Closely allied to the function of furnishing general and specific information is that of preparing matters for the conferences of the unions, a function which is intrusted to many of the international bureaus. The bureau of the Institute of Agriculture, for instance, is instructed to propose measures for the protection of the common interests of agriculture. The bureau of the International Union of American Republics has been directed to make special investigations of topics proposed for action by the International American Confer

Such reports must be prepared at a sufficient time in advance of the conference in order that the individual governments may examine the matter with a view of instructing their delegates on the basis of the facts set forth. Preparatory work of this kind is done also by the Railway Bureau and by the bureau of the Sugar Union.

As we consider the totality of administrative activities centered in the international unions, we again note the extreme reluctance which nations have hitherto felt toward endowing these organs with positive powers. It is very common to exaggerate the functions of these international institutions. The International Railway Bureau, for instance, is sometimes portrayed as in a measure controlling the vari. ons European railway administrations. In order not to receive a


mistaken impression, it is necessary to remember that these institutions are primarily organs of information and communication. Other functions, as we have seen, have occasionally been granted, but they are thus far exceptional rather than normal. They point to future possibilities of development rather than to general present achievements. We need only look at the small budgets of these international institutions in order to understand how unprepared are the national governments to give them a powerful backing and support. On an annual allowance of from 60,000 to 125,000 francs, such as the Swiss bureaus enjoy, a complicated administration can not be developed. It is the more remarkable, however, what has actually been accomplished with such limited means. Notwithstanding the limitation in functions and resources, it is unquestioned that the international bureaus have succeeded in making for themselves a prominent place in the modern civilized world, a place which they owe partly to the circumspection and wisdom with which their affairs have been managed; partly, however, also to the future importance which the intelligent public of the civilized world is beginning to attribute to the international organizations which these organs represent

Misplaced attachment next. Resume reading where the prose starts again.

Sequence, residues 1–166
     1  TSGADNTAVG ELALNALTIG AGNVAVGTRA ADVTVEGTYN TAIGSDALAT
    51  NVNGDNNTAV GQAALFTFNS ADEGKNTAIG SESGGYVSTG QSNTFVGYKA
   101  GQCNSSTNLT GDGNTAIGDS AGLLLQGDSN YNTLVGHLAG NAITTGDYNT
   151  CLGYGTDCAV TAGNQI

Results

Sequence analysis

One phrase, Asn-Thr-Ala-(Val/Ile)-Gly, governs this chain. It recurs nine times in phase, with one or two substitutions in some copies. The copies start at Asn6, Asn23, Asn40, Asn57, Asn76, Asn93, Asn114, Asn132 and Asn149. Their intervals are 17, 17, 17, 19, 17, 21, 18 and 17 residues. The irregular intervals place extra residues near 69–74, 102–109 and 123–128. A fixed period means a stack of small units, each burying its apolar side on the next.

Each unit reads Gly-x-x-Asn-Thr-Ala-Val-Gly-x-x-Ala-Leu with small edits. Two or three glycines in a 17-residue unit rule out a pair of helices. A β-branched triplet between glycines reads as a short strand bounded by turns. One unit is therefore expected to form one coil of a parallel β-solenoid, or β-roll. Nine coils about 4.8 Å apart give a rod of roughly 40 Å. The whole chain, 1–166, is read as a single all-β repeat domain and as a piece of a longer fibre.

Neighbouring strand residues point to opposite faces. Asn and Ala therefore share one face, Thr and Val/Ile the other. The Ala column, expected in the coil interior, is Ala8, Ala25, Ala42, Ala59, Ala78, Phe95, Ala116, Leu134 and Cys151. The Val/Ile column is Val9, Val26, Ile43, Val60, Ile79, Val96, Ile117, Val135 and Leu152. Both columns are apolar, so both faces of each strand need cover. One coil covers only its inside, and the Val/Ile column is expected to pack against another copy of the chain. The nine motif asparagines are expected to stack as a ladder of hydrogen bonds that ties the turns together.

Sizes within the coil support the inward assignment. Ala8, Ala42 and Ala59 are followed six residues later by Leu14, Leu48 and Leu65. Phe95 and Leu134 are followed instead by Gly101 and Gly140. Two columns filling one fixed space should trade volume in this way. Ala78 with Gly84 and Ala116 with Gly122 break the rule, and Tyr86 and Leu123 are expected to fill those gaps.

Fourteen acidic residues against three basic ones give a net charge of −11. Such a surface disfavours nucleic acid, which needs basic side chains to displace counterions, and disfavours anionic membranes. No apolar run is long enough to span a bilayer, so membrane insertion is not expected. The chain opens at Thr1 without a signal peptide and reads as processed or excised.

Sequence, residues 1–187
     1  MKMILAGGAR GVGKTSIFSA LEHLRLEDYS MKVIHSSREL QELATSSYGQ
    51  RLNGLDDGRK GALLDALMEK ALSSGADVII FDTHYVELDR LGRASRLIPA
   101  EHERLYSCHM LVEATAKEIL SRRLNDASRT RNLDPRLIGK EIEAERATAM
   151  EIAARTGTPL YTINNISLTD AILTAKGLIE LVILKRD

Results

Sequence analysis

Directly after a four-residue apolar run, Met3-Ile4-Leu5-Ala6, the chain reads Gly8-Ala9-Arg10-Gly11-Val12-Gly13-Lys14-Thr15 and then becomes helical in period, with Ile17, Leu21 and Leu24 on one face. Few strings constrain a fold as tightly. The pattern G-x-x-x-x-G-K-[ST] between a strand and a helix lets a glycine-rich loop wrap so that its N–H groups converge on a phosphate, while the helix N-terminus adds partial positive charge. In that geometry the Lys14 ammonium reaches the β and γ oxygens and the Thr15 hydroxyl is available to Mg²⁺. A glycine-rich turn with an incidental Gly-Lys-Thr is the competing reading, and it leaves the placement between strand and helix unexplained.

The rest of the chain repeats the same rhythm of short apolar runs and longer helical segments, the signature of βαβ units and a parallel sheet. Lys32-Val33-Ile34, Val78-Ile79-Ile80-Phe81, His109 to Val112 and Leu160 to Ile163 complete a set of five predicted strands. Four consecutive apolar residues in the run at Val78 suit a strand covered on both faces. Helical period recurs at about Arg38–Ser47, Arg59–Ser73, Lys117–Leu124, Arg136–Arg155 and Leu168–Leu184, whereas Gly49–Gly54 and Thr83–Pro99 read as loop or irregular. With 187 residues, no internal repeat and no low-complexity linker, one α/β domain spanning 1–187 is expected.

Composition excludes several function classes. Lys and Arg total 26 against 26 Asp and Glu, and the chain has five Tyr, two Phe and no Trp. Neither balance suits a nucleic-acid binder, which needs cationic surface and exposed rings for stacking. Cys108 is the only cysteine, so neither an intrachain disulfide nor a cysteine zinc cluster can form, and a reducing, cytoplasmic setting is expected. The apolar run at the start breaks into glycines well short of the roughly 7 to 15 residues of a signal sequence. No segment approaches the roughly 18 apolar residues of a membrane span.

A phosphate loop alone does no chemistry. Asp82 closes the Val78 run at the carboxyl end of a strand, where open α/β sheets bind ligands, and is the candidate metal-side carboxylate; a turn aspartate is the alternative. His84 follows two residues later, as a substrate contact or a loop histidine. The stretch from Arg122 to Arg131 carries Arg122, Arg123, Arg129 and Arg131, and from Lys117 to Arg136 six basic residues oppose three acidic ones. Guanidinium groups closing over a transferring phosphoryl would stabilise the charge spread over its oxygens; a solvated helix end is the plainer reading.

The interpretation of treaties is a part of the procedure of carrying out or realizing the act of contracting. This work would not be necessary if agreements between states were bare expressions of international good-will, like the arrangements of friendly monarchs to interchange visits. Because, however, treaties are deemed capable of realization and performance, the process is essential.2

The method of interpretation consists in finding out the connection made by the parties to an agreement, between the terms of their contract and the objects to which it is to be applied. This involves two steps. One is to ascertain what has been called the “standard of interpretation;” that is, the sense in which various terms are employed. The other is to learn what are the sources of interpretation; this is, to find out where one may turn for evidence of that